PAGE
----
The Canadian Department of National Defence (DND) has announced plans to purchase a fifth CC-177 Globemaster III aircraft to increase the national air force’s current fleet.
Apart from enhancing the Canadian Armed Forces’ response capability to both domestic and international emergencies, the new aircraft would also provide support to a range of missions, including humanitarian assistance, peace support and combat.
Canadian Defence Minister Rob Nicholson said: "Having a fifth C-17 will significantly augment the flexibility of the Canadian Armed Forces’ strategic airlift, allowing our men and women in uniform to respond quickly when and where necessary."
Canadian Public Works and Government Services Minister Diane Finley said: "Our government continues to proudly provide the Canadian Armed Forces with the equipment they need to do their jobs we ask of them , while leveraging military purchases, like this one, to generate economic benefits for companies right here in Canada."
Supplied by Boeing, the additional aircraft would ease the burden on the current fleet and extend the life expectancy of the entire fleet by approximately seven and a half years.
In addition, the acquisition will enable the Royal Canadian Air Force (RCAF) to keep at least three CC-177 aircraft available more than 90% of the time to respond to concurrent international or domestic crises, which equates to an increase of nearly 25%.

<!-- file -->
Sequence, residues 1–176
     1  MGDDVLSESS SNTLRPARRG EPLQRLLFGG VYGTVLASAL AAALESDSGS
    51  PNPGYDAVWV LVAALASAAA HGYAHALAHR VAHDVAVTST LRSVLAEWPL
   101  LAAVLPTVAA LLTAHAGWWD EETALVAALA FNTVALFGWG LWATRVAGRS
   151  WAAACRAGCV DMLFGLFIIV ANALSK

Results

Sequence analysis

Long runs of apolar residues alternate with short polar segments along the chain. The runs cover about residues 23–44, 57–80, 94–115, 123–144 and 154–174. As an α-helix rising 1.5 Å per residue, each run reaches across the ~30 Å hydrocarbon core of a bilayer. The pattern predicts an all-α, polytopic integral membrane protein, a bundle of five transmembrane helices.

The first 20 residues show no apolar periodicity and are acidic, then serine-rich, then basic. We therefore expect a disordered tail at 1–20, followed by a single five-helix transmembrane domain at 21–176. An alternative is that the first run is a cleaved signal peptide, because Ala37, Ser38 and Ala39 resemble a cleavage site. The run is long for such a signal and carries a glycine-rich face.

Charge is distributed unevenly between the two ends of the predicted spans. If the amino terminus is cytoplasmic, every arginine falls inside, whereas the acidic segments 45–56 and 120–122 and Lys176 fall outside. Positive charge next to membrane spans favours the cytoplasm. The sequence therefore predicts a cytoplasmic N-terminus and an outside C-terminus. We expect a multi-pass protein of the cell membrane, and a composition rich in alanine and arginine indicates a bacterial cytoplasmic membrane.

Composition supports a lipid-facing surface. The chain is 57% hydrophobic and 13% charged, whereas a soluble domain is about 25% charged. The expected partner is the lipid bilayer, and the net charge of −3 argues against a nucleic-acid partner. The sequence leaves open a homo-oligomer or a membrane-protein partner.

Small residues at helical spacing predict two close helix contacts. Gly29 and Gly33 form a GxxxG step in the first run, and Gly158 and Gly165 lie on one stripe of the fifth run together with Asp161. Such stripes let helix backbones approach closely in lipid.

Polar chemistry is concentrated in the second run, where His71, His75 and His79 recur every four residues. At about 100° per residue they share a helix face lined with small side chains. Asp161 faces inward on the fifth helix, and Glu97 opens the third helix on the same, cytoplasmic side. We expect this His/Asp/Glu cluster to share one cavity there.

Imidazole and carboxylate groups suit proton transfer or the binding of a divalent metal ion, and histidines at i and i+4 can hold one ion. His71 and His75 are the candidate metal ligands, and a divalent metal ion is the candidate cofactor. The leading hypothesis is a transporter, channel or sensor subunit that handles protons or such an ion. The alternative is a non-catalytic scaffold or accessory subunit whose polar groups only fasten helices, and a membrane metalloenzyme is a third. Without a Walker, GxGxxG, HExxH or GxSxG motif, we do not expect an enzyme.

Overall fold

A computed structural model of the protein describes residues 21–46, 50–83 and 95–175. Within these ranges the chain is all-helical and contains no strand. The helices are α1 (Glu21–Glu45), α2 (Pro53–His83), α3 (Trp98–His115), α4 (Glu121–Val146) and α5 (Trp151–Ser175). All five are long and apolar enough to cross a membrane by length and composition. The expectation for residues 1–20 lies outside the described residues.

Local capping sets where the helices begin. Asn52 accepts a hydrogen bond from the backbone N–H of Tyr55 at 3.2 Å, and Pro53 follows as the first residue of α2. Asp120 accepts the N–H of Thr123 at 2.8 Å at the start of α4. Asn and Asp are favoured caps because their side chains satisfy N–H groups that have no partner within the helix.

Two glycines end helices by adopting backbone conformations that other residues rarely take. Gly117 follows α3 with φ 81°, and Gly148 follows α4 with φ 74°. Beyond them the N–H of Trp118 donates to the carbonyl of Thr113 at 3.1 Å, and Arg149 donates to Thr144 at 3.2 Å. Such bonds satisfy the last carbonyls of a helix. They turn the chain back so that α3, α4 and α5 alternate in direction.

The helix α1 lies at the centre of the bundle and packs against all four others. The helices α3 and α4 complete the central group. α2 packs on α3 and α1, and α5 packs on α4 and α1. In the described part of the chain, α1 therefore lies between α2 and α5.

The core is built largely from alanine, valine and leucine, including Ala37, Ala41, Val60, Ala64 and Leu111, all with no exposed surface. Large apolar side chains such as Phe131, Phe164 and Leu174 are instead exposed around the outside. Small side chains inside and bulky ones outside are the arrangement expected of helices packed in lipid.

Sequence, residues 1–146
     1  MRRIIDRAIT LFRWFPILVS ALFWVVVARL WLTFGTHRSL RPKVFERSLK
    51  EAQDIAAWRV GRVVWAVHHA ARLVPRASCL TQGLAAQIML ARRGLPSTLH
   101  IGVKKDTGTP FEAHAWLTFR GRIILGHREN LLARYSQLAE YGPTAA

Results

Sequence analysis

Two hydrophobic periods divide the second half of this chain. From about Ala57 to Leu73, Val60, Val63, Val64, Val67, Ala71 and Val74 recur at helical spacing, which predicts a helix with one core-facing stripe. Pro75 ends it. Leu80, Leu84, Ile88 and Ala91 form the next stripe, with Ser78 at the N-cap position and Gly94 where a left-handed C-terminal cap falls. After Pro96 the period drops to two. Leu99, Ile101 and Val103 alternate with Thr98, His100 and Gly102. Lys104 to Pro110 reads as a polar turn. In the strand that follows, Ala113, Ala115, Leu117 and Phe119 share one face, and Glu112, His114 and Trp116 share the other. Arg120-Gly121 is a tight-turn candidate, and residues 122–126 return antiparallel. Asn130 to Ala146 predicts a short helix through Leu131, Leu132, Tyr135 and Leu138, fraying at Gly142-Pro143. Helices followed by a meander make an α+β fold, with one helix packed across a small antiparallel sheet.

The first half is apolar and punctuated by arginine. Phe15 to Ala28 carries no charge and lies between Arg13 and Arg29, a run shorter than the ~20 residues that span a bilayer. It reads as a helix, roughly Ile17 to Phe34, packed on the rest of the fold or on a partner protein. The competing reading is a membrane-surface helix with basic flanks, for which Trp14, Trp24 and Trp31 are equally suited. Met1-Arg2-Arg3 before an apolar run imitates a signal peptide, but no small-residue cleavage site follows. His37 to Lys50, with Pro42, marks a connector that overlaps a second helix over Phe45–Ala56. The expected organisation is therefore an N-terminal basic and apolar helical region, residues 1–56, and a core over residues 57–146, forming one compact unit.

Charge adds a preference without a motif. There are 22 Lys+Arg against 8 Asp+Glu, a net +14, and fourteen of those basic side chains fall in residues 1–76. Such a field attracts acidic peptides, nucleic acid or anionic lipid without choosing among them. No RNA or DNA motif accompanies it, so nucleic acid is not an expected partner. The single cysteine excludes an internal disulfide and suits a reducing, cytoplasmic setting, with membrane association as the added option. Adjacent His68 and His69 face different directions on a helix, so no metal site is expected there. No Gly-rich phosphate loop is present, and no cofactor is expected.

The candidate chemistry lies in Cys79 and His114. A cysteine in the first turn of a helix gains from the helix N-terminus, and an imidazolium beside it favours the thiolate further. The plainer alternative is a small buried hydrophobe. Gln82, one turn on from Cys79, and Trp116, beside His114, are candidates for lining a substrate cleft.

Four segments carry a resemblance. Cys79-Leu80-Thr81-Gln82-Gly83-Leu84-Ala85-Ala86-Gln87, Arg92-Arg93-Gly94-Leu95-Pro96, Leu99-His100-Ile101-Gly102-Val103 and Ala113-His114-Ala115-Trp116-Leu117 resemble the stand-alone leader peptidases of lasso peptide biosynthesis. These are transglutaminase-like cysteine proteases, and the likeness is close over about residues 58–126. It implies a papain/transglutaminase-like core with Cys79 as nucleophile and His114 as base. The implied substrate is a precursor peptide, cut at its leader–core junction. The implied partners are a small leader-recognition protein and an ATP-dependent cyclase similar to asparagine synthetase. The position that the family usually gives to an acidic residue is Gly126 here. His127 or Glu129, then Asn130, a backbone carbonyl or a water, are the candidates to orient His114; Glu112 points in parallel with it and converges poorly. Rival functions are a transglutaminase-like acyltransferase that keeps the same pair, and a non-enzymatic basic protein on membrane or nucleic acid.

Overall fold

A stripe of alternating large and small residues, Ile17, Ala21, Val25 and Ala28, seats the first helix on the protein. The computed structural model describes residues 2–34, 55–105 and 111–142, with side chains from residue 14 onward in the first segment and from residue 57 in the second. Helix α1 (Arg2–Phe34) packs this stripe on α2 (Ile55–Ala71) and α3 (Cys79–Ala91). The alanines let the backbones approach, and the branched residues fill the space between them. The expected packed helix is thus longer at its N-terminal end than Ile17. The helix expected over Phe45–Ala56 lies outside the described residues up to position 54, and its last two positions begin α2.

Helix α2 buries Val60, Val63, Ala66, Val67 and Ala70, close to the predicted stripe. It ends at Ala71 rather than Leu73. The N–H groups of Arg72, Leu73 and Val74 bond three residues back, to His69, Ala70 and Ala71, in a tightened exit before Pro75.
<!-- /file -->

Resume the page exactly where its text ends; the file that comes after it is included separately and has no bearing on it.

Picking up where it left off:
The CC-177 fleet is currently playing an integral role in ferrying supplies and soldiers to Kuwait to establish and resupply the Canadian camp through Operation Impact, while delivering essential armaments and materiel to CF-18s deployed in Lithuania in support of Nato as part of Op Reassurance and the international response to Russia’s aggression against Ukraine.
Implemented through the industrial and technological benefits policy, the procurement would cost DND an estimated $415m, in addition to $30m for 12 years of integrated in-service support.
Image: A Royal Canadian Air Force’s CC-177 Globemaster III aircraft on approach to CFB Trenton, Canada. Photo: courtesy of Robert Taylor.